The emotional aspects of Russian life are portrayed in a number of different ways. The Russian Orthodox Church, easily the country’s largest religion, is all about chanting and humming and attempting to evoke an emotional reaction, rather than a critical one. It’s important to note that while the Russian Orthodoxy attempts to lift people up, the emotion that is most prevalent when people think and talk about Russia is a kind of gloomy sourpuss approach. There is a rather famous portrayal of this gloomy outlook on life in the movie “Moscow on the Hudson.”
A musician from Russia who is attempting to defect to the United States tells his friend, “Everybody in Russia loves his misery. We haven’t got much else, but each one will love his own misery, watch it grow, and look after it—it is his own misery after all!” It seems as though this is indeed something that is basically celebrated in Russia, thanks to its history as a long-suffering nation with a population of long-suffering people.
While most people in the 21st century are quite a bit less superstitious than their ancestors, Russia is a place that still has plenty of “true believers” about a whole host of superstitions. This is especially true when you are talking about the Russian business world.
If you are attempting to do any kind of business in Russia or with Russians, there are a few things you should know. Chief among them is that if you try to shake hands with someone at the threshold of a door, you will likely get a very concerned frown. Russian superstition holds that doing a handshake in that location is only going to bring bad luck.
There are many, many more superstitions that tend to permeate Russian culture thanks to a wholesale love of all things mystical and magical in Russia. Among other things you should never, ever do is to leave an empty bottle on the table or to whistle while you are inside someone’s home or in a car because Russians believe there will be no money because of that.
Featured prominently in nineteenth century novels and Russian literature, “дачи” was perceived as a refuge where city dwellers spent their summers. With the white mansions as a backdrop and lined with orchards, ladies spent their days under a lacy umbrella in the shade while their men discussed politics over tea. After post-revolutionary Russia hit, the poor were also given the opportunity to enjoy “дача.”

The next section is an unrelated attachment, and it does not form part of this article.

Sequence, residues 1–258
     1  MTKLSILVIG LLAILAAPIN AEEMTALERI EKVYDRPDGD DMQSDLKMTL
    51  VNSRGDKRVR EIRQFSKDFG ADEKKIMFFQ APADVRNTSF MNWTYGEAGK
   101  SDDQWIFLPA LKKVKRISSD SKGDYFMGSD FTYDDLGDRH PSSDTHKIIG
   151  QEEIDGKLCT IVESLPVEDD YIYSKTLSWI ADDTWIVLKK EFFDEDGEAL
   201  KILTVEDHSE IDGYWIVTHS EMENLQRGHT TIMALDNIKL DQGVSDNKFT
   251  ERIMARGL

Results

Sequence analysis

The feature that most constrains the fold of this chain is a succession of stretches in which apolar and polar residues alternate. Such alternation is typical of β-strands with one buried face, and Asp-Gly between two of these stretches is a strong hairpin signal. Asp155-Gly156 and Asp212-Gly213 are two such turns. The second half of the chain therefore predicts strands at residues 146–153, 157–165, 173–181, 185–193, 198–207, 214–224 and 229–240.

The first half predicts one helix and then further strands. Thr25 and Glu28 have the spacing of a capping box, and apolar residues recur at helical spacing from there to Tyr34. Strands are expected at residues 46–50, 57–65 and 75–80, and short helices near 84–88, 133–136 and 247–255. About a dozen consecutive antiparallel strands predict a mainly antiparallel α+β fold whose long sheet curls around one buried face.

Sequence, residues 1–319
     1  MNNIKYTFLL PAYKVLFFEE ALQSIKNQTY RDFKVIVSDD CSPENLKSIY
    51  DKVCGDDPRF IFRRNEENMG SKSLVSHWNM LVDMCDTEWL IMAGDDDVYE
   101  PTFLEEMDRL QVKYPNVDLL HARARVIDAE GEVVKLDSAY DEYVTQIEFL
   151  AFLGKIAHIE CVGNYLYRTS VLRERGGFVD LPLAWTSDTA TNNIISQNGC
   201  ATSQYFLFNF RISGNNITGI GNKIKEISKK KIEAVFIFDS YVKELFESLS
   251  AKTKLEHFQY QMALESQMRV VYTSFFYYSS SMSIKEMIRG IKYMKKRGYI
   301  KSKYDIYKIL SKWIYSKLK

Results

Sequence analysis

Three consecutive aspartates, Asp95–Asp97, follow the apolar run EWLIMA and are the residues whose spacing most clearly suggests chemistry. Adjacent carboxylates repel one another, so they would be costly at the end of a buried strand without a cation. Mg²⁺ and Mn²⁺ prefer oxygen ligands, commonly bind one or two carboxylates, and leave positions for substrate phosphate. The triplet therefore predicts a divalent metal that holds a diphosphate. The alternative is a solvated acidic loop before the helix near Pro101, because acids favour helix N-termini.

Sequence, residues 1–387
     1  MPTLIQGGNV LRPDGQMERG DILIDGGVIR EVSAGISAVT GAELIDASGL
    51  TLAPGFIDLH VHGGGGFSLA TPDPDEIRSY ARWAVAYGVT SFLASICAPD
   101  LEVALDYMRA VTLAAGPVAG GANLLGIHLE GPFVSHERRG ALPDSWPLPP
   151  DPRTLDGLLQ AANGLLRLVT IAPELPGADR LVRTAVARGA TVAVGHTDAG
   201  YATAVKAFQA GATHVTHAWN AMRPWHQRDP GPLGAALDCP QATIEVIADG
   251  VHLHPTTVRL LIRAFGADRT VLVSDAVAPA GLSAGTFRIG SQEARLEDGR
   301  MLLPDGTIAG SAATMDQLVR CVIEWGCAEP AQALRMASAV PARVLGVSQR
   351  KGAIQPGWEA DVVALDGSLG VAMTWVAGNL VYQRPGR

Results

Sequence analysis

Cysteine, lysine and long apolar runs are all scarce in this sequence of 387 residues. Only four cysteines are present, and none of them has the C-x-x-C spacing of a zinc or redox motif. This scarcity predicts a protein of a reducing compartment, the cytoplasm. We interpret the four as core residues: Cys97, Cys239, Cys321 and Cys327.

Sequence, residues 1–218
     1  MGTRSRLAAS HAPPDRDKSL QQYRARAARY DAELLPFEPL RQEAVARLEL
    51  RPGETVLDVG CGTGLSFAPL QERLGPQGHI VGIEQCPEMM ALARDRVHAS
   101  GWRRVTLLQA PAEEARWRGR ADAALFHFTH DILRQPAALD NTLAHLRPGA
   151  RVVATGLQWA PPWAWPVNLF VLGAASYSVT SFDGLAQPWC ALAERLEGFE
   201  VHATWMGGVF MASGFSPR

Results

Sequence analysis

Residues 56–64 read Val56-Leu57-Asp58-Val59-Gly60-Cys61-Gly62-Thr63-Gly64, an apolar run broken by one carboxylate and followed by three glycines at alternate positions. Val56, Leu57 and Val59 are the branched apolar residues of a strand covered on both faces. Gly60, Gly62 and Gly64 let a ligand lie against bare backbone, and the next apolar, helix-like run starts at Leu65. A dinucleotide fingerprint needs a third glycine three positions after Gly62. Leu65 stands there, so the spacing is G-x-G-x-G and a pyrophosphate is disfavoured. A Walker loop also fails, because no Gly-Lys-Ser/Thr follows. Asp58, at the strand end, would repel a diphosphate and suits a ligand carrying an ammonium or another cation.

Pieces of land were then allocated by the state and given to research facilities or factories. The managers were then in charge of the division of the land. Based on the plot distribution, Russians who normally couldn’t afford such luxuries could now purchase their own parcel without having to foot the bill for “дача.” They used “дача” as a weekend retreat to relax and get back to their peasant roots. With “перестройка,” prices skyrocketed and many Russians were left without jobs. Thankfully the vegetable plots on “дачи” provided a means whereby the people could live and survive with the food they grew.
“Дача” unifies the various classes of Russia. Although they may be different in stature such as a mansion for some and shabby hut for others, they are obsessed with the place. Similar to the way the British love to garden, the call to “дача” for Russians is like no other. It’s a part of Russia just as their caviar, bureaucracy and vodka. Built approximately 50 years or more ago and with an outdoor toilet, some can’t help but be drawn to the retreats.
Talking about how successful you are going to be in a specific endeavor is believed to be a very good way to make sure the opposite comes to be. This is especially true when talking about a future business deal. When talking about positive things that could happen to you, you’re more likely to get what you want should you have been married in the rain, or make a wish while sitting between two people who share the same name. There are many other superstitions along the same lines as these that you’ll need to educate yourself on if you want to have success in Russia.